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Author Topic: Was Einstein wrong about E=mc^2?  (Read 2145 times)

Offline alancalverd

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Re: Was Einstein wrong about E=mc^2?
« Reply #25 on: 28/09/2016 09:12:03 »

Years ago there were MRI systems that did not have the giant magnets, they used radio waves basically. And there was almost no danger from them. So perhaps KISS could be reapplied to the newer machines.


Sincerely,

William McCormick

The first published MRI image of a human was made in a superconducting 0.1 T magnet (I used to work for the inventor, and I met the patient). There were some systems that used the earth's magnetic field  as a polariser but they were never more than curiosities. You need at least 0.2 T to get enough signal/noise ratio to produce a useful image before the patient dies of boredom.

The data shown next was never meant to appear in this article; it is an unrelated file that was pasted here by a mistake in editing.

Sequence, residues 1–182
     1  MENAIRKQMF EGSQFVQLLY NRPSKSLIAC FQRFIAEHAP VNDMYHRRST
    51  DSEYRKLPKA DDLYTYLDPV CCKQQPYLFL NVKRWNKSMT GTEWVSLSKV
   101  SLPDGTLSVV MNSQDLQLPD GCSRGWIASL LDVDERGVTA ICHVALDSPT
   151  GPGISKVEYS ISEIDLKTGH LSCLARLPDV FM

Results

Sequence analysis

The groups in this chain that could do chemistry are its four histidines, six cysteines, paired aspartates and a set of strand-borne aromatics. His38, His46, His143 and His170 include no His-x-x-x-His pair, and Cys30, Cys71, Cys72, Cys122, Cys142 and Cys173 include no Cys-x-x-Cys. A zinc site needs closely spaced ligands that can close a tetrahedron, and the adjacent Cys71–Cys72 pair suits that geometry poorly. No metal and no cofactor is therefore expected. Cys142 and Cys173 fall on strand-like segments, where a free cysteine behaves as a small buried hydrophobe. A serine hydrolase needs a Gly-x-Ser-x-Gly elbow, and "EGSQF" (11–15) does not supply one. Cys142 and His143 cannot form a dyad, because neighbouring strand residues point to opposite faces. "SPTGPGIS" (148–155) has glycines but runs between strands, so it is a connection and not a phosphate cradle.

All MRI systems use RF energy.

And they all use reiterative 3D inverse-space reconstruction algorithms to produce the image because that's the only way you can do it. Whilst the algorithms themselves are fun, proving that a new algorithm is indefinitely stable and uniquely convergent is a mathematical orgasm, way beyond a mere KISS.
 

Offline William McC

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Re: Was Einstein wrong about E=mc^2?
« Reply #26 on: 29/09/2016 00:40:53 »